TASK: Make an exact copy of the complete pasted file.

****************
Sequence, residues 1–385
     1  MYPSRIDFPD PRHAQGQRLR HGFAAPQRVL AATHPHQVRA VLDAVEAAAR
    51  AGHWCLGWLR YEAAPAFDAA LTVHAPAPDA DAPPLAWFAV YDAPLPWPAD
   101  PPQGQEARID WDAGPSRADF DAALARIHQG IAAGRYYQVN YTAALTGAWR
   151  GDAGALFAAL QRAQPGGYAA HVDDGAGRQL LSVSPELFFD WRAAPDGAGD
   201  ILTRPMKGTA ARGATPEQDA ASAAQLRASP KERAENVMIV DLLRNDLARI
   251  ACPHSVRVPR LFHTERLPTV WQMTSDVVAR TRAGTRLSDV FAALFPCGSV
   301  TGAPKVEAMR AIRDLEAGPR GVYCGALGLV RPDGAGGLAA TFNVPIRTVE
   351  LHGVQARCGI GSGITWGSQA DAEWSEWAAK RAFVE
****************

Sequence, residues 1–385
     1  MYPSRIDFPD PRHAQGQRLR HGFAAPQRVL AATHPHQVRA VLDAVEAAAR
    51  AGHWCLGWLR YEAAPAFDAA LTVHAPAPDA DAPPLAWFAV YDAPLPWPAD
   101  PPQGQEARID WDAGPSRADF DAALARIHQG IAAGRYYQVN YTAALTGAWR
   151  GDAGALFAAL QRAQPGGYAA HVDDGAGRQL LSVSPELFFD WRAAPDGAGD
   201  ILTRPMKGTA ARGATPEQDA ASAAQLRASP KERAENVMIV DLLRNDLARI
   251  ACPHSVRVPR LFHTERLPTV WQMTSDVVAR TRAGTRLSDV FAALFPCGSV
   301  TGAPKVEAMR AIRDLEAGPR GVYCGALGLV RPDGAGGLAA TFNVPIRTVE
   351  LHGVQARCGI GSGITWGSQA DAEWSEWAAK RAFVE